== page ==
What To Do And What Not To Do On LinkedIn

LinkedIn has 347 million users and reaches 200 countries and territories. Just for comparison, Twitter has 316 million monthly actives.

40% of LinkedIn’s users check it daily, and it’s the most popular social network among CEOs running the top 50 companies in the Fortune Global 500. A new infographic from Salesforce runs down these and other interesting stats about the professional network and some important dos and don’ts for businesses.

Among the “dos” are treating your profile like a professional brochure, providing a detailed description, using simple language, spell-checking turning off notifications when updating your profile, linking to valuable video, choosing your group wisely, being active in groups, nurturing relationships, etc.

On the “don’ts” side of things, it gets into connecting without researching, using the default message, sending spammy messages, posting faulty links, self-promoting, etc.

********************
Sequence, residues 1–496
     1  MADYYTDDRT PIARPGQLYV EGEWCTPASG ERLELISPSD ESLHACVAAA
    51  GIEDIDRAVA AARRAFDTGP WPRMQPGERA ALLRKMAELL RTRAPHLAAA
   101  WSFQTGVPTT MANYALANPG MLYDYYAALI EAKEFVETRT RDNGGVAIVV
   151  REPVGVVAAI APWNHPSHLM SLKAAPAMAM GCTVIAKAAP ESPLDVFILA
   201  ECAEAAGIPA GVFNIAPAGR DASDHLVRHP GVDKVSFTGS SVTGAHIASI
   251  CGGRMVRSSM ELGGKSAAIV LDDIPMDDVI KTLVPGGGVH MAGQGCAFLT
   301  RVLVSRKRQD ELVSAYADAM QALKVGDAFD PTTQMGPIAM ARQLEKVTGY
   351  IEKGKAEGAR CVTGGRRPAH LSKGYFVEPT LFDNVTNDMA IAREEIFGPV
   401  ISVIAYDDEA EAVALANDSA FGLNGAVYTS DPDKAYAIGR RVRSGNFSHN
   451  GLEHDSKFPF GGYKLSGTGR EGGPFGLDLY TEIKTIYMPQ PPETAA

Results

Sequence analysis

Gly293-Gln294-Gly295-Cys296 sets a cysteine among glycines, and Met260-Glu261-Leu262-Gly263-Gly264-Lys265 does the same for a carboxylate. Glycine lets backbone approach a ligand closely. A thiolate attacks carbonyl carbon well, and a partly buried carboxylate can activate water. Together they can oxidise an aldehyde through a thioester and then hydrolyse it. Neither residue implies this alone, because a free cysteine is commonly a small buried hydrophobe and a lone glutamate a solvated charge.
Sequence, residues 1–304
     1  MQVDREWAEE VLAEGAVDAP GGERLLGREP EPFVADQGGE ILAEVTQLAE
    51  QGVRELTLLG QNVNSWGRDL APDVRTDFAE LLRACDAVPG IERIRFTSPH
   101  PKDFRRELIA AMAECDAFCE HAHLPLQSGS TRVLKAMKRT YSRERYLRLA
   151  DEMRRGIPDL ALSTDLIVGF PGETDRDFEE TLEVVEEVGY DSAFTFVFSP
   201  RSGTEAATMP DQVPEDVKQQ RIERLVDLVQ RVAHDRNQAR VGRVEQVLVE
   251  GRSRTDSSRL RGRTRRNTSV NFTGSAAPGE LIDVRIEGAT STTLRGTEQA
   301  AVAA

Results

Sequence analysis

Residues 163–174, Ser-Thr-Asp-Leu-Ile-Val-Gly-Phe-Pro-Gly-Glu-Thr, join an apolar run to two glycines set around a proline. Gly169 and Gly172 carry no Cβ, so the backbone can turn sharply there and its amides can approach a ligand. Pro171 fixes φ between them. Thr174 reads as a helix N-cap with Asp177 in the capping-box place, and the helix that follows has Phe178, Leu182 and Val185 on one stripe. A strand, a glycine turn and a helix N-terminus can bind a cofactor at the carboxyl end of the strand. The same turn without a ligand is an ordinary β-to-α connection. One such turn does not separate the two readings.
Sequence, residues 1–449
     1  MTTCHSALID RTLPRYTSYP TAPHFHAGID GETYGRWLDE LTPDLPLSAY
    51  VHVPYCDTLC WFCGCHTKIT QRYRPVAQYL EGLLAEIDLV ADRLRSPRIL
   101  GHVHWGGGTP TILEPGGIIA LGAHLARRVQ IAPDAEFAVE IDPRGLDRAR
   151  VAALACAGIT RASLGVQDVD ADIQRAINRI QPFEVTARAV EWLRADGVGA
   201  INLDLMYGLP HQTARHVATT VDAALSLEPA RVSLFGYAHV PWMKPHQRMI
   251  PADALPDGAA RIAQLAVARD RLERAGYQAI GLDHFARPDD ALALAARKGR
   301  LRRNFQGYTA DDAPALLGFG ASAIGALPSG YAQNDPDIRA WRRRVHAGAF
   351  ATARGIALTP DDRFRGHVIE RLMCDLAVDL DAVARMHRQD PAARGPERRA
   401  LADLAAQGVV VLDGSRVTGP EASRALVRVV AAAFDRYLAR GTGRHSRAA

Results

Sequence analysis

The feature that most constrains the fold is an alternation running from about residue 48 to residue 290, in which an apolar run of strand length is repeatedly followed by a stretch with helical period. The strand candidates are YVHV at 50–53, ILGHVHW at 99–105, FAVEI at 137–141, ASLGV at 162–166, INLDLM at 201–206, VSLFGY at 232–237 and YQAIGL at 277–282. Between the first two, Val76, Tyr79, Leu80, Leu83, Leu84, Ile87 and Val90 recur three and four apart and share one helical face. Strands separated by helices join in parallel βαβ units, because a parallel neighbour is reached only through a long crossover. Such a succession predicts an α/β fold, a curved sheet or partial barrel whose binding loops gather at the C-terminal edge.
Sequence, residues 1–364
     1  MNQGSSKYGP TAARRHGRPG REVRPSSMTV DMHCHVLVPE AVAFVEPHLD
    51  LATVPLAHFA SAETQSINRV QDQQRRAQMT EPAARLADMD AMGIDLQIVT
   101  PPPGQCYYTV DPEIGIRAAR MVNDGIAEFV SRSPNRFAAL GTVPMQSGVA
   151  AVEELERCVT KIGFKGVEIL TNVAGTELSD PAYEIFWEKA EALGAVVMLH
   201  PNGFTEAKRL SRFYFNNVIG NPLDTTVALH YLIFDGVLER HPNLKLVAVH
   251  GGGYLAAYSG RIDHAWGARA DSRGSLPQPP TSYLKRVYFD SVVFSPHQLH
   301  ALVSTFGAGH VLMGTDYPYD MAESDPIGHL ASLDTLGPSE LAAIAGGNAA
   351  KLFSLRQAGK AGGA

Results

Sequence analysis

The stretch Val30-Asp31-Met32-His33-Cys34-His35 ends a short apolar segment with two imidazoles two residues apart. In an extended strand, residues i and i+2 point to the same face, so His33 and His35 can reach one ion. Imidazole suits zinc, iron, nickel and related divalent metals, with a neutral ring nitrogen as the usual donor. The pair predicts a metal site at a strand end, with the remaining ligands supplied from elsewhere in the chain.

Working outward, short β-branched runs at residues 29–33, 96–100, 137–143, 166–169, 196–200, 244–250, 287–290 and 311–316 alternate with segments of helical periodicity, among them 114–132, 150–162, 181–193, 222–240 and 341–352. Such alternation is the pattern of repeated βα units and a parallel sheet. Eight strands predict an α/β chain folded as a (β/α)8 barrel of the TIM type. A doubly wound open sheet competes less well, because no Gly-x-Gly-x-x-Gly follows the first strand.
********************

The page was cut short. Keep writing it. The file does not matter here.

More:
We recently looked at some developments at LinkedIn that are making it more appealing for businesses for marketing and sales, especially for B2B companies. Among these are the extension of ads to publisher sites, changes to its Pulse news service that better utilise the user’s personal network, and sales tools like new Sales Navigator features and the new Social Selling Index, which kind of lets you know how well you’re doing in terms of the aforementioned do’s and don’ts.

“SSI is the metric LinkedIn developed to help sales professionals benchmark their performance across the 4 pillars of social selling in order to better connect with leads, and ultimately close more deals,” a LinkedIn spokesperson told us. “While the concept of SSI has existed for some time, this is the first time that anyone will be able to log on to LinkedIn and access a score, any time.”

While it may be aimed at sales professionals, it’s available to all users and gives you a good idea of how you’re doing in your LinkedIn efforts in general. To get better at LinkedIn, you’d probably do well to work on bringing that score up, just because it’s a good indicator of those efforts.